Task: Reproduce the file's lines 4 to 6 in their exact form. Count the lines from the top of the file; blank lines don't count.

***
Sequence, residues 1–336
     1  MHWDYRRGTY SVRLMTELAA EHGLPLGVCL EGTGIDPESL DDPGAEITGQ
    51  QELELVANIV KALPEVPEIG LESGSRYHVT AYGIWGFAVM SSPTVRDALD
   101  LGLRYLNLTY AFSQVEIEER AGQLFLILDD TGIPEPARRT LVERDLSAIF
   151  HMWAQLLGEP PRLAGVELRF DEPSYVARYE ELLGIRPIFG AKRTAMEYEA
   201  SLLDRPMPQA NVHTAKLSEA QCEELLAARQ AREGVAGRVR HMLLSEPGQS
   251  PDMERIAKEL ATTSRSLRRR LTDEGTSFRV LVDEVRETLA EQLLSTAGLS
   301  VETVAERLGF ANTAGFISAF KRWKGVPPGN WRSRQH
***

   101  LGLRYLNLTY AFSQVEIEER AGQLFLILDD TGIPEPARRT LVERDLSAIF
   151  HMWAQLLGEP PRLAGVELRF DEPSYVARYE ELLGIRPIFG AKRTAMEYEA
   201  SLLDRPMPQA NVHTAKLSEA QCEELLAARQ AREGVAGRVR HMLLSEPGQS